Despite Challenges, Programmatic Is Evolving To Deliver On Brand Safety

Data-Driven Thinking” is written by members of the media community and contains fresh ideas on the digital revolution in media.

Today’s column is written by Tim Mahlman, president of ad platforms at Oath

With spend growing by more than 72% over the past three years, programmatic is the backbone of online advertising. For advertisers, automated buys allow smarter and more efficient data-driven transactions at scale. However, even with these considerable benefits, some advertisers struggle with growing brand-safety and transparency challenges across the programmatic ecosystem.

The data bears this out. Though spend is up, programmatic buyers have fallen 12% year over year, according to a new study by MediaRadar. These advertiser concerns stem from very public quality-control challenges for platforms like YouTube and Facebook.

Advertisers are worried their ads will show up next to offensive content and some are redirecting or cutting spend as a result. But the reality is that programmatic is evolving to solve for brand safety.

Existing Tools And Greater Collaboration

Many technologies that can safeguard brand safety for advertisers already exist and are built into programmatic platforms.

For example, at the most basic level, vendors have traditionally adopted blacklists that outline bad actor sites where ads shouldn’t be served. On the other side, there are whitelists that limit impressions to a specific group of brand-safe sites and inventory. There are also pre-bid filter systems and third-party providers, such as Integral Ad Science, that can ensure brand-safe environments during bid requests. The challenge, however, is that these tools are not always fully used by vendors and advertisers.

Some vendors have shied away from using them because they potentially cap campaign reach for buyers. But as brand safety becomes a central topic for customers, these capabilities are now in vogue again.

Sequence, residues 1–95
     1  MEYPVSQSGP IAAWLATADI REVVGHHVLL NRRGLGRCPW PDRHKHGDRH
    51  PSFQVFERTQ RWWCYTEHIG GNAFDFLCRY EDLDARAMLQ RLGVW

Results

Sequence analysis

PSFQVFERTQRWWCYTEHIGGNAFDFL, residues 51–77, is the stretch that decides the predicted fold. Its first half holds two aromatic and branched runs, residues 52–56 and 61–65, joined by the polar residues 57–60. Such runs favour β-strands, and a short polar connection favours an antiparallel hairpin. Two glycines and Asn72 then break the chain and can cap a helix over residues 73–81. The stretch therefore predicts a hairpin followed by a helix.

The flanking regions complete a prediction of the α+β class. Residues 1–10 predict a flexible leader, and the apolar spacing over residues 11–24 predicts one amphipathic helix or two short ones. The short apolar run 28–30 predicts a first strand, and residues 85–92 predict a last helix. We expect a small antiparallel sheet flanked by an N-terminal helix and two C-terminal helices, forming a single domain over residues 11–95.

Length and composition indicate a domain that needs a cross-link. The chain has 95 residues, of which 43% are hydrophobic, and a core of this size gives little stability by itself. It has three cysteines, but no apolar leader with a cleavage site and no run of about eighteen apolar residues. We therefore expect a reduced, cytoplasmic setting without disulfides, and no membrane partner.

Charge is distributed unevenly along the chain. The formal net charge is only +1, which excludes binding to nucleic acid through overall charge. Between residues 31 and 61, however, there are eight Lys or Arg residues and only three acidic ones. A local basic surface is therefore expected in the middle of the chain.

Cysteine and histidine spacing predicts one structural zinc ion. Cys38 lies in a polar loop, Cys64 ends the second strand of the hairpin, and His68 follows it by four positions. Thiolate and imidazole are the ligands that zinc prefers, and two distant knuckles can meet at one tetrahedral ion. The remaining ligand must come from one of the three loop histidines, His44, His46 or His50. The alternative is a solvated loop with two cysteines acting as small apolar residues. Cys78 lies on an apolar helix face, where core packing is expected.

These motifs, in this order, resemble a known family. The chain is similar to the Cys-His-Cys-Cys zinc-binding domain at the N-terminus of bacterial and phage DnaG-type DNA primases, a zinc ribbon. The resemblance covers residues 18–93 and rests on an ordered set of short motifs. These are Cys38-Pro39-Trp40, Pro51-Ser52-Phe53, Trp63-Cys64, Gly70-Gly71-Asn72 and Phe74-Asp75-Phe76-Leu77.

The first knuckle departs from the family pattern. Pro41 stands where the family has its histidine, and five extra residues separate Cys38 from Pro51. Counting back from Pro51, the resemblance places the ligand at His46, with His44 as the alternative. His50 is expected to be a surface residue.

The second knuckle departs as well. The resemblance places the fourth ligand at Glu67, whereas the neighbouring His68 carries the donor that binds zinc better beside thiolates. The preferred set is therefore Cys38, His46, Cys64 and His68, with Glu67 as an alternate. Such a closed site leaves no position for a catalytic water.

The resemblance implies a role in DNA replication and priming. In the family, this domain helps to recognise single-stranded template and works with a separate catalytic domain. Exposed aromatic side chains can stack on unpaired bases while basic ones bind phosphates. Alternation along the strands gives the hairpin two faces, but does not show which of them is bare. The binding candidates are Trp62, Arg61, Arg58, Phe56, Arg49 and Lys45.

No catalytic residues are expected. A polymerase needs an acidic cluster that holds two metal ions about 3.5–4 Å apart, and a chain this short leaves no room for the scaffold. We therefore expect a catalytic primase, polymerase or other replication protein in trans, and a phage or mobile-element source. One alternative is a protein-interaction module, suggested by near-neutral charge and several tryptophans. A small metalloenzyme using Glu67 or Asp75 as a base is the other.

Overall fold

Underused quality-control measures can also stem from a lack of communication between buyers and vendors. Now, with the issue in the spotlight, we’re seeing buyers and platforms working together to ensure preferences and acceptable filters are in place at a campaign’s outset. This shift in behavior will have a significant long-term impact.

Artificial Intelligence And Machine Learning

Some forget that programmatic is still a relatively new form of media transacting. While last year almost one-third of US marketers invested 50% or more of their digital budgets programmatically, that number was just 7% in 2013. And, as is the case with any new technology, there are bound to be growing pains along the way – especially when growth is so explosive.

Make no mistake: Brand safety is a very real concern. But it’s an early challenge that is being addressed through sophisticated technology from the category’s biggest vendors.

For example, many platforms have ramped up investments and implementation of artificial intelligence capabilities and machine learning to ensure greater brand safety. AI is an opportunity to weed out offensive content at scale, providing a smart tool that can prevent today’s threats while evolving quickly to predict and prevent the threats of tomorrow. As AI is paired with more traditional quality-control methods for ensuring brand-safe placements, including whitelists and blacklists, the technology will safeguard brand perception, cultivating greater confidence between buyers and sellers.

Programmatic Direct And Premium Marketplaces

Even with the MediaRadar data considered, the prospects for programmatic adoption are bright, with $4 of every $5 spent in digital display projected to be transacted programmatically this year. While advertisers are cautious about brand safety, they’re also mindful of the unique value of programmatic. As a result, we’re seeing programmatic marketplaces – not just the technology – evolve to unify the benefits of automation with increased quality control. Programmatic direct is the best example.

While the share of programmatic deals made across open exchanges is declining, the share bought through programmatic direct is growing – rapidly. Programmatic direct will capture 56% of total programmatic display spend this year versus 44% in open exchanges. Buyers are investing in programmatic direct because the inventory is generally premium and considered brand-safe. So, while programmatic will continue to see investments from advertisers, the type of programmatic transactions are likely to change.

At the end of the day, advertisers want brand safety in programmatic. And the ecosystem needs to deliver, and it’s evolving quickly to build greater trust with buyers, expand transparency and ensure brand-safe impressions through better tools and methods.

Follow Oath (@oath) and AdExchanger (@adexchanger) on Twitter.

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1 Comment

  1. “Some vendors have shied away from using them [tech tools to limit ads on bad content] because they potentially cap campaign reach for buyers.” In other words, some sell side players will place ads to hit campaign reach commitments, regardless of suitability? Isn’t that greed and laziness beating out quality?